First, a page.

Math 171 Course Description
The elementary school curriculum in recent years has begun to include a significant amount of geometry, including reasoning about important and fundamental ideas. This course is designed to provide students intending to become elementary school teachers with the beginnings of a strong background to teach this geometry.
While the geometry topics will be basic, the course will go into them deeply. There is much to think about in considering basic geometry ideas. Since the course will emphasize understanding, reasoning, and communication, class discussion and writing will be key components of the course.
Because this course is for future elementary teachers, few of whom are math majors, the course will be designed to be friendly and accessible to students who have not been in a math course recently. The subject matter lends itself to visual and hands-on approaches, and these will be utilized fully.
As suggested above, there will regular writing, projects and some assigned readings beyond the textbook. Because of the importance of reasoning and communication, in-class work will be essential. In particular, attendance at all of every (or almost every) class is required. If you will miss all or part of class on a regular basis, you should not take this course.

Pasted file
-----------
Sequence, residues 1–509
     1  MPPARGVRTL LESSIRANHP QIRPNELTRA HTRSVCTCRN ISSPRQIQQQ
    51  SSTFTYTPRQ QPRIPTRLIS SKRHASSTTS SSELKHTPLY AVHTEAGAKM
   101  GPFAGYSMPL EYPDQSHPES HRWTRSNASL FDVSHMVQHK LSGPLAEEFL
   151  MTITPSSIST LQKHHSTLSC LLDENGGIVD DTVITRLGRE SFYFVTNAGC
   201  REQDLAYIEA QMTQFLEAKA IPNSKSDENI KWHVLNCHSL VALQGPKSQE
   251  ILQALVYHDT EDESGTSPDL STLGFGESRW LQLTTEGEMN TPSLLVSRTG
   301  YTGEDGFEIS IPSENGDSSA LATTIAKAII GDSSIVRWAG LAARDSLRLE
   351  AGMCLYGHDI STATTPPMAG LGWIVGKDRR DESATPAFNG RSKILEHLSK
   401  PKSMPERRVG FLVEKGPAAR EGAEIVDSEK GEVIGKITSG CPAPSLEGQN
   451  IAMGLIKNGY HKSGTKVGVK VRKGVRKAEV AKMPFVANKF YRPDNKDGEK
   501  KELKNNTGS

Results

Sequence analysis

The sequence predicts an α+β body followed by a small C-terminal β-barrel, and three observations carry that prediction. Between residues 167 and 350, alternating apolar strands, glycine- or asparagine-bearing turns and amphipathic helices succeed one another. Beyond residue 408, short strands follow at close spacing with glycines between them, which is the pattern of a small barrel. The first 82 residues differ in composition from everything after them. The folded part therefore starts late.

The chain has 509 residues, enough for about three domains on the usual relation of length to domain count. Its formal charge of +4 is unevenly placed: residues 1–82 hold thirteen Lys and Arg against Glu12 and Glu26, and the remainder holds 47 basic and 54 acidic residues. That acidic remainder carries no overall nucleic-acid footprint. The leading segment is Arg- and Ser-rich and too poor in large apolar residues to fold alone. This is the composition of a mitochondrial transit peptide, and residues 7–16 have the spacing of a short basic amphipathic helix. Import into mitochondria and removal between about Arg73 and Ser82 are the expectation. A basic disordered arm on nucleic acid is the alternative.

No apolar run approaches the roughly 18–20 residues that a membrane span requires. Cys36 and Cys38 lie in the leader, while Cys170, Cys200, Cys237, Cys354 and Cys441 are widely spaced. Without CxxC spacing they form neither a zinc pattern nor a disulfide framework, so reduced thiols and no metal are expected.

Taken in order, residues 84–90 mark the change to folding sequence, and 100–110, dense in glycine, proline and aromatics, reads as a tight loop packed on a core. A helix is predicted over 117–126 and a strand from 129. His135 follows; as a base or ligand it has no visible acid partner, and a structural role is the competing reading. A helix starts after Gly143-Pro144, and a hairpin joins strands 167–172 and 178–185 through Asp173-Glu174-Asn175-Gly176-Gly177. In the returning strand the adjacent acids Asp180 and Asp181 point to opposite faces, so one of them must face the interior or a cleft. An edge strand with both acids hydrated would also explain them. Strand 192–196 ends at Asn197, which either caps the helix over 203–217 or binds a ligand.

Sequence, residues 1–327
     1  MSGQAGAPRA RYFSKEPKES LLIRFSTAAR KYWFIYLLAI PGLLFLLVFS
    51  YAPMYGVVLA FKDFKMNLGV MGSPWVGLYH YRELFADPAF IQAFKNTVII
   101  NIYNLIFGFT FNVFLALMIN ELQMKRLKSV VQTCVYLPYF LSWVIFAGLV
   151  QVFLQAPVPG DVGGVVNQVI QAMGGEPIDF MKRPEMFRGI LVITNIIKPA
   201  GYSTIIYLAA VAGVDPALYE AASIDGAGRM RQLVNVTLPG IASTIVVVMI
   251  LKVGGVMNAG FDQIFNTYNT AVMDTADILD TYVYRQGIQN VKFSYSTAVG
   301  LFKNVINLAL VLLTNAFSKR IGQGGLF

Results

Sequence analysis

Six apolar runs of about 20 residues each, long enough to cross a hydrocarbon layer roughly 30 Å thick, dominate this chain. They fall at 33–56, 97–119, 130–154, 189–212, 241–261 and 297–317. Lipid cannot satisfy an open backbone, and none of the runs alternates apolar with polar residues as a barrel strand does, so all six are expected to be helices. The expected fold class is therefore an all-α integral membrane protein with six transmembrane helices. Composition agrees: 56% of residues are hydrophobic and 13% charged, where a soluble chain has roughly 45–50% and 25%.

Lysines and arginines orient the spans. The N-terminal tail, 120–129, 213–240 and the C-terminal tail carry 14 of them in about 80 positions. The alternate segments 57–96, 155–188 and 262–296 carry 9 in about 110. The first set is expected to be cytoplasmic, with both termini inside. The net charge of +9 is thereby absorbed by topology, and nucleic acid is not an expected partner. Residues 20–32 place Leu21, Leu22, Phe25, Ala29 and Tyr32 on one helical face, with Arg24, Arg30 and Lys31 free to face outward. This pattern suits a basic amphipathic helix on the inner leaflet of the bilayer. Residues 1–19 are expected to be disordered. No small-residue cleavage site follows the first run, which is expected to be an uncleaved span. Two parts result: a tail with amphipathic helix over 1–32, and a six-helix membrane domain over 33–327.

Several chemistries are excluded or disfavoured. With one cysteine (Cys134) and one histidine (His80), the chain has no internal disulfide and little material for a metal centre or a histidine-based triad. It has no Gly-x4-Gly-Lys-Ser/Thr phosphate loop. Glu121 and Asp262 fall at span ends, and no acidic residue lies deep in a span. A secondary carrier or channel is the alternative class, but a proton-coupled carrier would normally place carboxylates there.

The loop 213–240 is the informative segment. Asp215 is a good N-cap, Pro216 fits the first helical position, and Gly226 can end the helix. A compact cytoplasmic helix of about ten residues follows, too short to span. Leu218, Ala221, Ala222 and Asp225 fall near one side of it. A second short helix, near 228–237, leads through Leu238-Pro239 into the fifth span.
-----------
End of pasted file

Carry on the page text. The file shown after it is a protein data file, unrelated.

Since this is a Credit/No Credit course on topics in elementary mathematics, one might assume that this would be an easy course, especially if one has a strong math background. On the contrary, to get Credit in the course, a student must achieve a satisfactory level in all components of the course, including writing and classroom participation. So the course will demand a significant and consistent amount of work from everyone, whatever her/his math background. On the positive side, consistent serious work should suffice for a Credit grade, even if a student brings a weaker math background.
There will be some tests and also a final exam at the regularly scheduled time, but it will not be the conventional sort of exam.
Note that this is a content course, not a methods course. While we will aim to model good teaching techniques, we will be addressing mainly questions of mathematical content, not methods for teaching elementary school students. If you enter the Teacher Education Program in the UW College of Education, you will take a methods course on teaching elementary mathematics.